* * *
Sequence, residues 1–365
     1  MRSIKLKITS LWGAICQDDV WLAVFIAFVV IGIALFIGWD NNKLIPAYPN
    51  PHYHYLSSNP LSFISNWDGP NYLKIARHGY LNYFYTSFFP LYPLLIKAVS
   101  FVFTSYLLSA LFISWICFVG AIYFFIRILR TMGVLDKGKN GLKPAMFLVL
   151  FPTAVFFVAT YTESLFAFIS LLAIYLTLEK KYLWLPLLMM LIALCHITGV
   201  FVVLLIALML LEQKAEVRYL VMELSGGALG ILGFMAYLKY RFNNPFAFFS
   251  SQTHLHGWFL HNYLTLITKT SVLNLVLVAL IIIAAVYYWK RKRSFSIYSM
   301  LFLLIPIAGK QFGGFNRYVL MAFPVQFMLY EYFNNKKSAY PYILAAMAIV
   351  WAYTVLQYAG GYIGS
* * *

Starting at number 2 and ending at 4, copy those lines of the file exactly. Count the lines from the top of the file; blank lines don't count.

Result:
     1  MRSIKLKITS LWGAICQDDV WLAVFIAFVV IGIALFIGWD NNKLIPAYPN
    51  PHYHYLSSNP LSFISNWDGP NYLKIARHGY LNYFYTSFFP LYPLLIKAVS
   101  FVFTSYLLSA LFISWICFVG AIYFFIRILR TMGVLDKGKN GLKPAMFLVL